Slow

buon appetito

nutrition for our sensibilities

BY HEERA

May 16th, 2016

 

In the spiritual journey of life, eating is much more than satiating the tongue; it’s the nutritional intake for our sensibilities. An appreciation for simple foods, small portions and refreshing presentations—a reflection of inner beauty and contentment—is critical to feeling deserving of nourishing experiences. I recall two specific episodes, diametrically opposite, that enhanced my sensory experiences, teaching me invaluable life lessons.

The first experience was in East India. A young woman (incredibly lovely), employed as domestic help, invited me to her home for a festival meal. Overjoyed at the invitation, I quickly accepted. My mind went into overdrive wondering what the afternoon will have in store for me: will the young woman be wearing her special saree with a bright red blouse; will her home’s floor be decorated with rangoli [designs made from coloured rice power] and will I be treated to rice sweets? My imagination was limited—the visual narration and emotional experience extended by this young woman was far more rewarding than I imagined. The precious wonderland this young woman invited me into was a dream!

On the day of the luncheon, accepting my box of sweets with gratitude, the young woman guided me through never-ending rice fields to reach her non-descript abode, a thatched hut nestled in between fields. Unapologetic, she ushered me in, introducing me to her family. The young woman’s fullness, like her family, was reflected in her musical and uplifting welcome. The same abundance continued into a refined presentation—bright orchids accompanied subtle incense and on the spotless floor lay woven chattais [floor mats], on which we were to sit and eat. The awakening experience continued as the young woman served art like food from shallow woven baskets, moving like poetry with the gentle breeze.

The young woman’s hospitality flowed effortlessly from a deep sense of spirituality and dignity of life. That day, I learnt from this woman’s elegance based in virtuosity and was humbled by her ebullient force.

A decade later, I was impressed again, in Paris. Thanks to a friend, I was invited to the home of a Parisian woman. Once again, my curiosity was high; I wondered what the host would be like, what we would converse, her home décor style, etc.

With a bunch of flowers held like delicate butterflies, I walked up the stairs to her second-floor apartment admiring the ornate wrought iron and the old shiny wooden rail that whispered: well cared for. I threw a broad smile at my friend as we waited for our host to open the door. The anticipation didn’t disappoint; our Parisian host greeted us with an openness that expressed itself with a distinct air of surety and groundedness.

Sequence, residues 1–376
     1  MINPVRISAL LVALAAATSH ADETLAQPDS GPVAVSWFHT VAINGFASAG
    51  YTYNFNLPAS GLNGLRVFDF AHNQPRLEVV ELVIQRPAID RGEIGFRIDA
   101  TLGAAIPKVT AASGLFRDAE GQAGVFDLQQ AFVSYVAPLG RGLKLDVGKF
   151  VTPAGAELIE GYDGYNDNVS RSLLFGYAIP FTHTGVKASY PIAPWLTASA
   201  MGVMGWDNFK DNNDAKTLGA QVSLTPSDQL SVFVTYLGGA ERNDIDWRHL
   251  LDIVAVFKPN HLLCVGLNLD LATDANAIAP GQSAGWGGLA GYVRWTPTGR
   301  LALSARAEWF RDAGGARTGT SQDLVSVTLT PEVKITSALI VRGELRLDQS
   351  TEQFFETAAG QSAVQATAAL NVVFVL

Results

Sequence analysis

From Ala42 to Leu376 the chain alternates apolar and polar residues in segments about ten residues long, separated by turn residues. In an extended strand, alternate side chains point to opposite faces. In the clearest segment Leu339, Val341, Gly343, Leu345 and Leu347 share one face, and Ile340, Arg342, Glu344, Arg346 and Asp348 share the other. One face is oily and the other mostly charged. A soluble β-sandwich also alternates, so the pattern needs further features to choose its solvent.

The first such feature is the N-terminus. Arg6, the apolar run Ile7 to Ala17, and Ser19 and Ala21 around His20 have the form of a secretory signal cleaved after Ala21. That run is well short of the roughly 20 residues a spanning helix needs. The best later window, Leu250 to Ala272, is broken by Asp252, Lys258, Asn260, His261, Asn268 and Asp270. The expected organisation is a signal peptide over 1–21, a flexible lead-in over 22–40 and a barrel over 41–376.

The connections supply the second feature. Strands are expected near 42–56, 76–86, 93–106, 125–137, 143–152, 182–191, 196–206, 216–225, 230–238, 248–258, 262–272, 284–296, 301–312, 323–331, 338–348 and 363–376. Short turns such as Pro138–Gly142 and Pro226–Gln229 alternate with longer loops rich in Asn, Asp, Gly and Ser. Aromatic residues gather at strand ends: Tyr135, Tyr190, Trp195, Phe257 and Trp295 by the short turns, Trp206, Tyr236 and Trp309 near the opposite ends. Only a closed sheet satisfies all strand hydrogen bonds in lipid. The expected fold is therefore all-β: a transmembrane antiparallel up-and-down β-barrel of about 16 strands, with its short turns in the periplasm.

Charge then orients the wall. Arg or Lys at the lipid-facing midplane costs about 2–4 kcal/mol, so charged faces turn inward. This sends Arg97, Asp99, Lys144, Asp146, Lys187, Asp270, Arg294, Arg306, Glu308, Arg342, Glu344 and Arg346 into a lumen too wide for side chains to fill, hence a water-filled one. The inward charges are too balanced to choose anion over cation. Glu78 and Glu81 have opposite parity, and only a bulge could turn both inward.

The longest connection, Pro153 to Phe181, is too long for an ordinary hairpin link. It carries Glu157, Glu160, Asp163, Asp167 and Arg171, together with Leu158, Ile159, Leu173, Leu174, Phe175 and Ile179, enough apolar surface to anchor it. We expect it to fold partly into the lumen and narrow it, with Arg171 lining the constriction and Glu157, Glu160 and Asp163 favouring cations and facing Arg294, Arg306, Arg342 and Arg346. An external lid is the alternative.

From the moment we stepped in, our host put me at ease right away, asking after my stay in Paris and showing interest in my life. Her presence of mind was quick to notice my eyes scanning the elegant décor, and as though on cue, she led me through stunning French doors to her even more impressive balcony, willingly educating me on the architectural history of her apartment. Then came the spread—sumptuous tea laid out on a vintage French country table. So at-home was I in this discerning abode, it was impossible not to accept our host’s offer of a second cup of piping hot tea and a gooey canele. Exercising self-control, I politely declined the offer for a second serving of cake—to be très elegant!

In the couple of hours, we spent in this Parisian woman’s home, my subconscious mind soaked in the details; they were a reflection of decisions taken over a while. This woman of old wealth was sharing, and willingly, the elegance with which she lived. Each spoken word and gesture revealed our host’s refinement and maturity.

 

 

East India and northern France had afforded me a full symphony—from my hosts spirit that spoke of elegance to the distinct notes that filled their homes and to the wholesome taste of food. These spiritual experiences taught me that beneath the packaging of region, language and social class, the wealth of ingredients remains the same—simmered down, the focal point is caring—to share the spaces created by these women and to ensure I feel welcome. The two women, Indian and French, extended me dignity and belonging intrinsic to their souls.

The gift of travel is invaluable; it encourages us to observe and learn from others’, on how to enhance our inner wellness and continuously evolve.

 

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